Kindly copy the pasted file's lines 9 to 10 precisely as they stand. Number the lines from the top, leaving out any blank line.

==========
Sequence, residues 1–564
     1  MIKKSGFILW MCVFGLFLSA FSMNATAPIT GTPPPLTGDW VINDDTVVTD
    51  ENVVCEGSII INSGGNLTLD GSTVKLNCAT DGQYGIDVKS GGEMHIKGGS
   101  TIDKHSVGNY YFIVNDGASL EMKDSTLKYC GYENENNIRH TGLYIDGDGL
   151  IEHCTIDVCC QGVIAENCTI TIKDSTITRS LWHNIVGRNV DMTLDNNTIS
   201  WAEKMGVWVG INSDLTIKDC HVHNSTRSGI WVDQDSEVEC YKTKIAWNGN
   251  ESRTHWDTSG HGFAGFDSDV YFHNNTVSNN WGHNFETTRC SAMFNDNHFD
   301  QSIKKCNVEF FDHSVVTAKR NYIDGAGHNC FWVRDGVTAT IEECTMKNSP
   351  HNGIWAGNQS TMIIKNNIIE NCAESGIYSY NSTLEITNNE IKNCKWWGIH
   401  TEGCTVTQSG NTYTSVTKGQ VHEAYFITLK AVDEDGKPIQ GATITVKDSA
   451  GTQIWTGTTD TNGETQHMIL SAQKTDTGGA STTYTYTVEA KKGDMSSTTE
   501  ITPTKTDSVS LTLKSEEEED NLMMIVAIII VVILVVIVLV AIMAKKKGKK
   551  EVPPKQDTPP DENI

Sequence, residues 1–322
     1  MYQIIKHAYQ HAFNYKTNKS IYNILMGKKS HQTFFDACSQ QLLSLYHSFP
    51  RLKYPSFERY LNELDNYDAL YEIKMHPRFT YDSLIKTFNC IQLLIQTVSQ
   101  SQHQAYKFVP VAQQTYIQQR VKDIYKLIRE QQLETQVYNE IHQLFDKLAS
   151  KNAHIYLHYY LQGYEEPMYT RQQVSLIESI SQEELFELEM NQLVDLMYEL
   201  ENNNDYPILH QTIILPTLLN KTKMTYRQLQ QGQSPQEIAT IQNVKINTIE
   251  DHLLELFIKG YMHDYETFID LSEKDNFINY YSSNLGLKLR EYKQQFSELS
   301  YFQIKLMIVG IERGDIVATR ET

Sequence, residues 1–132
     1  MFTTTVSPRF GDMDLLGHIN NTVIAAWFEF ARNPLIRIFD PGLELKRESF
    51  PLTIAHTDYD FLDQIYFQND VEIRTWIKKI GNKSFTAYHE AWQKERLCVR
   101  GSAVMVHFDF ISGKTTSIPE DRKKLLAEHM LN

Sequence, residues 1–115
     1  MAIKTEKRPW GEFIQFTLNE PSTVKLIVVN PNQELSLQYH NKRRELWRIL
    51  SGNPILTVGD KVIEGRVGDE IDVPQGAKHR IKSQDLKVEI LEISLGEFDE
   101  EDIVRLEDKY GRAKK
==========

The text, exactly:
   351  HNGIWAGNQS TMIIKNNIIE NCAESGIYSY NSTLEITNNE IKNCKWWGIH
   401  TEGCTVTQSG NTYTSVTKGQ VHEAYFITLK AVDEDGKPIQ GATITVKDSA